Where is the big guy when you need him?
That’s what state senators on the State Government Committee are asking about Lt. Gov. John Fetterman.
Committee members seeking to rewrite the 1974 law detailing what happens when the governor or lieutenant governor is disabled hoped to hear from him. Fetterman, who is also the Democratic nominee for the U.S. Senate, did not respond to a letter from that committee asking for his input. Fetterman went on leave after suffering a stroke in April.
Fetterman originally notified the General Assembly he was disabled and unable to perform his duties when he had surgery to implant a defibrillator and pacemaker. He has since sent notification that he was no longer disabled after the statutory six days, said state Sen. David Argall (R-Berks/Schuylkill).
The committee, chaired by Argall, held a hearing on the topic on July 14. But Fetterman was a no-show.
In a letter, Argall asked Fetterman to give his input by Aug. 1, allowing the committee to move forward with possible changes to the law, which is so antiquated that it mentions telegrams.
“Your perspective on this issue would be very instructive to our committee’s review of this issue,” Argall wrote. “Specifically, we would like to know more about what procedures your office followed in terms of notifying the Governor’s Office in the immediate aftermath of your hospitalization on May 13, including the timing and means of notification. This information is subject to the state’s Right to Know Law, but I hope you would provide this information voluntarily in the interest of full transparency in advance of any testimony you may provide.
“We would also be interested to learn whether your condition during your period of hospitalization warranted the disability procedures being invoked at that time. You were quoted in news reports as saying you almost died, which speaks to the gravity of the situation. In addition, given your unique perspective on this matter, your recommendations on how the law could be improved would be welcomed and appreciated,” Argall wrote.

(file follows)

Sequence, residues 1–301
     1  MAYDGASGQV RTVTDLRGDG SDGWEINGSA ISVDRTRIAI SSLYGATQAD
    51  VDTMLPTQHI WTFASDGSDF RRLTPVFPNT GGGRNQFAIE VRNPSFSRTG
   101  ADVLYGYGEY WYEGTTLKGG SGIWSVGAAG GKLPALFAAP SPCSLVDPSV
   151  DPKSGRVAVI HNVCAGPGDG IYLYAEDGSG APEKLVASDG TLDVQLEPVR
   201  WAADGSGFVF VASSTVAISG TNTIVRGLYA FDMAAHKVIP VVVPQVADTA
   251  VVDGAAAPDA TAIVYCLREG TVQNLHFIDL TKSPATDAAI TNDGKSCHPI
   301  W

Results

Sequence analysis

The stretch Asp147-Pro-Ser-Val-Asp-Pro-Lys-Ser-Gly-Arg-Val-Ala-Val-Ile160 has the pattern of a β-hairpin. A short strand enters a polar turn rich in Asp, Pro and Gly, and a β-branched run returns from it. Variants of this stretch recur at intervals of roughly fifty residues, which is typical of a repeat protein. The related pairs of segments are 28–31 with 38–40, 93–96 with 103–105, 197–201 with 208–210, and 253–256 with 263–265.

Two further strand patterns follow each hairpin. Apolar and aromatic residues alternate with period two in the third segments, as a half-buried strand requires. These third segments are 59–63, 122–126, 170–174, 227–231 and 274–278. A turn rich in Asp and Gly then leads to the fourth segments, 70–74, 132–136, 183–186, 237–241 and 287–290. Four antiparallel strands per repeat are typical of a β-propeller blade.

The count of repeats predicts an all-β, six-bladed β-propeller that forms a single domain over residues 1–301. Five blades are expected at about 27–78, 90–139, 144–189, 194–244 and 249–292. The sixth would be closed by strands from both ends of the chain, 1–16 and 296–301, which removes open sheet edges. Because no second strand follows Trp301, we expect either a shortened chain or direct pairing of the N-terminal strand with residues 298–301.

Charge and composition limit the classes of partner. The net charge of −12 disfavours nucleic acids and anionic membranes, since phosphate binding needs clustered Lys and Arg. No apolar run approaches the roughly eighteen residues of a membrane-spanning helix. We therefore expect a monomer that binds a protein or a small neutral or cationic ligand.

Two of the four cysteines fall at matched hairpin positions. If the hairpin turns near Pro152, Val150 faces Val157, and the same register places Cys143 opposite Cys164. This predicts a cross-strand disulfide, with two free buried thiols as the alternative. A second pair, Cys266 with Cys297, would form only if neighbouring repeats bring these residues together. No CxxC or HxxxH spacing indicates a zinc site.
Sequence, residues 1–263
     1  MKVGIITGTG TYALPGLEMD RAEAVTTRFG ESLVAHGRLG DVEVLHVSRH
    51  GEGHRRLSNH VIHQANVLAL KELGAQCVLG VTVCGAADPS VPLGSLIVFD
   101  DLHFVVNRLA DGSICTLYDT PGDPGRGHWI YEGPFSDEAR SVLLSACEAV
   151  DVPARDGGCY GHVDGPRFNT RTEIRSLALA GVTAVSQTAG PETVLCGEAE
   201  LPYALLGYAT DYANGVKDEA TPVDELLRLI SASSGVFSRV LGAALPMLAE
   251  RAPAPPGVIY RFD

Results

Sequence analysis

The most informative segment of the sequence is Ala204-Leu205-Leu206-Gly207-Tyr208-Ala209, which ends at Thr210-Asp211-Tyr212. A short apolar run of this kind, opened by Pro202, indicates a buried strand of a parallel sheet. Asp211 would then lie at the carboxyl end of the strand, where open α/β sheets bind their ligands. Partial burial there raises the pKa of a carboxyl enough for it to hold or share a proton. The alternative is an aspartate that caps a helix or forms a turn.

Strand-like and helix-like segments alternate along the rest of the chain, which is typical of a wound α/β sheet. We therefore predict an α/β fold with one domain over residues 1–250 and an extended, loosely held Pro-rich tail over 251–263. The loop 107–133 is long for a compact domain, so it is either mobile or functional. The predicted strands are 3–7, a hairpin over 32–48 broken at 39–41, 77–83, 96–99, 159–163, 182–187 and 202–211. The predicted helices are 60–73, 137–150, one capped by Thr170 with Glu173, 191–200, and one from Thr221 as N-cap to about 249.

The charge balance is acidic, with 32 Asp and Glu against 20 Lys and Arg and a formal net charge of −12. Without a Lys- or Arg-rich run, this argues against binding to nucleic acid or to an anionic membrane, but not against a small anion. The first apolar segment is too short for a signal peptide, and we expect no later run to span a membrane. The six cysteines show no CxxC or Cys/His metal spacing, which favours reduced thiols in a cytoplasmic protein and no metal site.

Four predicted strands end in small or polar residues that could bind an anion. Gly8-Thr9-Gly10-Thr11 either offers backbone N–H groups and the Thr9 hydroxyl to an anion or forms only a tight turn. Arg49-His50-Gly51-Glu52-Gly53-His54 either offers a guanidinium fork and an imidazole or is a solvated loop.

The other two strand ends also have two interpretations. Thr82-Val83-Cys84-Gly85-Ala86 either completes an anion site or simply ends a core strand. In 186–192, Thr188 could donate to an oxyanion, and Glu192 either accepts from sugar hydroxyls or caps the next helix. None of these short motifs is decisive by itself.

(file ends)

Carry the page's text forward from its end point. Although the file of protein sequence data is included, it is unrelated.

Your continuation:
In a recent interview, Argall told DVJ he had not heard back from Fetterman.
Although he offered Fetterman the option of talking to the committee over Zoom instead of in person and they asked Fetterman to pick the date or place. Still no response.
“We were being very, very accommodating,” said Argall.
Fetterman’s chief of staff, Christina Kauffman, did not respond to a DVJ request for comment or explanation. And as of this writing, Fetterman has not returned to his duties as state Senate president, “as is his constitutional duty,” Argall said.
Fetterman was “missing for 18 days of voting at the height of our budget season,” said Argall.
It was unclear if Fetterman had attended the June Board of Pardons meeting, which he chairs as part of his responsibility as lieutenant governor. Argall said those meetings are no longer on video, which is “a serious concern.”
But the Senate committee did hear from former Acting Gov. Mark Singel, who took over for then Gov. Robert Casey Sr. in June 1993 when Casey underwent a heart and liver transplant.
“My recollection of that moment in Pennsylvania history is that there was a reasonable amount of good faith and bipartisanship in both the executive and legislative branches that made the transition possible,” Singel wrote.
He believes the statute does not need to be changed.
“The language in the constitution and in the statutes is, in my opinion, sufficient to ensure a peaceful transition of power should either the governor or lieutenant governor become disabled. Additional requirements like establishing reporting timelines on notifications or other alterations would only add to the stress of what is, by definition, a challenging time for the public officials involved and for the Commonwealth itself.
“I would caution against ‘fixing’ a process that does not seem to be broken,” Singel said.
Sen. Sharif Street (D-Philadelphia), the committee’s co-chair, said Fetterman gave notice of his absence and “the process is working.”